Letter #120

Content warning: Self harm, Suicidal thoughts/tendencies/actions, anxiety, depression, therapy and self deprecation

In 7th grade, I was diagnosed with anxiety and depression. I knew the way I felt wasn’t how I would typically feel, but I thought I was overreacting. I started to become bullied at school and suicidal thoughts began to develop more commonly. However, I never told anyone because I felt like I was mistaken. I told my dad who worked in the medical field about my mental health, yet he brushed it off thinking I was upset about him taking away my phone. My parents had realized they made a grave mistake when my friend’s family appeared at my house informing my parents that they thought I committed suicide, and I could hear them drowning in their own tears in my room.

Another of my friends reached out to the school counselor, after I vented to them about my recent state. I told my counselor about how tired I felt and how much it hurt just to be alive. I was passed around from a medical center, to a therapist, and then to a hospital where I was extremely isolated. My arms bled all over the place and my emotional body was hurt. So many doctors from all over the place kept having one-on-one conversations with me, and I was very tired. I also admitted to having attempted suicide before.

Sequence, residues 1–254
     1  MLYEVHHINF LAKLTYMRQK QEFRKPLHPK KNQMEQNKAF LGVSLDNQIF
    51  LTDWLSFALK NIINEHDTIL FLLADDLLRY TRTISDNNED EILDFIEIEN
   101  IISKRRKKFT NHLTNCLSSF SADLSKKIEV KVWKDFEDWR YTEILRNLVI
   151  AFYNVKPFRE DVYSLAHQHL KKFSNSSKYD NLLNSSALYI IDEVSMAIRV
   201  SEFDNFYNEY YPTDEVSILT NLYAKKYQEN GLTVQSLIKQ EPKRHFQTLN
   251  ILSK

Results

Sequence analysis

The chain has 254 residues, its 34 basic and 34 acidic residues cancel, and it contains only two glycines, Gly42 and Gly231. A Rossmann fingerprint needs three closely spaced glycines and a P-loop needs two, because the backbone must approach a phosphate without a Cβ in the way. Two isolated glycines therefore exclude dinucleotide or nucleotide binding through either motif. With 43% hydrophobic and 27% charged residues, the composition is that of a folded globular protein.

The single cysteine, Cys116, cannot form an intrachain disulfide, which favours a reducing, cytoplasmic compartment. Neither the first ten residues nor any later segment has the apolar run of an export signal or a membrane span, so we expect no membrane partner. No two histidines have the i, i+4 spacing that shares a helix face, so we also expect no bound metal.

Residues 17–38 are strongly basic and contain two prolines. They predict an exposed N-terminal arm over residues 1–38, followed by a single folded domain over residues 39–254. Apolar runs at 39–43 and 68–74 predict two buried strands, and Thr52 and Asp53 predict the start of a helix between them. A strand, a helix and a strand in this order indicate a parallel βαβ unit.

My mom came into my room with her eyes swollen from tears. This might sound a bit weird, but I remember having a plan to get a dog and then commit suicide because my family would remember me by the dog, and I told this to her. For my birthday, I got a dog and before I continued my plan, I actually felt a lot better. After all the pain and suffering, I took therapy for a couple of months and I made more friends at school. I started working on myself a lot more physically and mentally. Today, I still have that dog and sometimes she serves as a reminder of the battle that I endured.

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